Exploring Iceland’s Geothermal Wonders – Hot Springs and Beyond

Whether looking for adventure in the Highlands or a tranquil soak in nature, Iceland’s many remarkable hot springs can provide it all. Read on to discover some of the best. Often included in the Golden Circle tour, the Geysir geothermal area is home to the iconic Strokkur and several other mud pools and boiling rivers. The landscape is stained with brilliant yellows, reds, and greens from sulfur.


Iceland is renowned for its geothermal wonders, and its hot springs are a testament to its unique geological features. Hot springs in Iceland offer a unique opportunity to unwind in nature’s thermal embrace. Located near Fludir, Hrunalaug is a hidden gem of a natural hot spring. Although it’s a small, undeveloped place, the hot spring has gained popularity thanks to its serene nature. It is also a source of income for the local farmers who maintain it as part of their sideline. The location is easy to reach, and you can park in a small lot next to the parking area. Then, you’ll have a short walk to the hot spring.

A small concrete room with a turf roof is a changing area, and two small warm pools can fit up to two bathers each. There is also a larger rectangular pool outdoors, but space here is limited, and the hut becomes crowded quickly during peak hours.

The pools are genuinely stunning, and the setting is equally majestic. Wide open spaces with green and brown grass, mountains in the distance, and wild trails surround it.

This hot spring is a must-visit if you want to soak in Iceland’s most magical and unique surroundings. Just remember to arrive early to avoid the crowds. Also, stop by the nearby Geysir to see if you can glimpse the mighty Strokkur eruption. You won’t regret it.


The pristine natural setting of Hvammsvik offers you the perfect opportunity to relax in serene hot spring pools and reconnect with yourself. Here, the only things that echo around you are the soft lapping of the water and the whisper of the wind in the trees. Take a moment to reflect on your Iceland adventure and allow the tranquil landscape to soothe your mind and body.

This hot spring estate is a short drive from Reykjavik and has the feel of an exclusive spa. It’s also one of the best places in Iceland to soak in thermal baths with a view. Its glass-fronted contemporary building with an eco-friendly turf roof houses a bar, steam room, cold tunnel, and a series of floating hot pools you can dip into while gazing out over the landscape.

Even the restaurant on site, which has wooden tables, chairs, and rope decorations, serves delicious food. Fresh bread and homemade ice cream are served, along with a selection of salads, soups, and grilled meats. The on-site restaurant enjoys an excellent reputation and offers many vegetarian and gluten-free dishes.

As you relax in the pools, you’ll be surrounded by beautiful views of the rolling hills and mesmerizing waterfalls.

 You may spot the ribbon-like Djupagilsfoss waterfall and several mud pools where steam rises in cinematic fashion. The lack of light pollution in the area transforms Hvammsvik into a prime spot for northern lights hunting, too.


In Iceland, where the tectonic plates of North America and Europe are splitting apart, magma rises through cracks in the earth’s crust and heats groundwater. This energy is harnessed for heating and electricity, but sometimes it seeps to the surface, forming geothermal hot springs.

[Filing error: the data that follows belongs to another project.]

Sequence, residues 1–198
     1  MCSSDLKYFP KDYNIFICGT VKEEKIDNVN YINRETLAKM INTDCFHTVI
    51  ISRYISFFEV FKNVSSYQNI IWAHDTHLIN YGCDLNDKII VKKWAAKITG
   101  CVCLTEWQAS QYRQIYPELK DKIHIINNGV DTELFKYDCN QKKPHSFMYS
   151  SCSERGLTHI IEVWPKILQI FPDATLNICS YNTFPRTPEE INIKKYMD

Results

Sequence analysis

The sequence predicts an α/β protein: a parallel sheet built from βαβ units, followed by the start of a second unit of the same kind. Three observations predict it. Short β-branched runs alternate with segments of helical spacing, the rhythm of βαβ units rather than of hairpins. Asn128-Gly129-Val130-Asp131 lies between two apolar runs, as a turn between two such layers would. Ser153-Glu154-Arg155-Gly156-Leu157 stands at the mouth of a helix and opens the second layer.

Icelanders’ blood runs hot for these pools, a way of life. During the long, dark winters, locals gather at them for warmth and relaxation while they’re full of puffins on summer solstices.

The hot springs in Drangsnes, west of Husavik, are a bit off the beaten path, but a soak here is worth it. The area was once home to a dairy farm, and the ponds were created when the owners dug for fresh water. But the hot seawater that came to the surface was too rich and mineral-rich for use in the kitchen. So, the farmers decided to repurpose the site as a natural spa.

Nearby is the famous geyser Strokkur, which erupts every five to ten minutes, throwing scalding water high. A walk around the area is an exciting experience.

Discover these thermal pools on a self-drive or small group tour of Iceland. Nordic Visitor travel experts can craft a trip that’s right for you. Get in touch to start planning your adventure.


The western part of Iceland has its fair share of geothermal wonders, and Gudrunarlaug is no exception. A reconstructed hot pool in 2009, this historic site offers a rustic layout and rich history, with its name derived from one of the most prominent women in Icelandic sagas. It is located near Fludir and is best accessed by renting a car.

The warm waters and natural setting create a tranquil atmosphere that calls for reflection and relaxation. Take this opportunity to cleanse your mind, body, and soul while soaking in the mineral-rich water and marveling at the surrounding landscapes. Throughout the centuries, Icelanders have taken advantage of these natural springs and geothermal baths. It is an ingrained part of their culture; even newborns are introduced to them at a young age. The locals have long cherished the healing properties of these hot pools, and folklore tells stories of supernatural beings that inhabit them.

There is no better way to experience Iceland’s unique geothermal splendor than by visiting a natural hot spring and enjoying its calming effects. You can see many of these fantastic sites on your own or join a tour such as the Hot Spring and Cool Glacier tour that combines an adrenaline-pumping snowmobile ride on Langjokull Glacier with relaxing hot springs.

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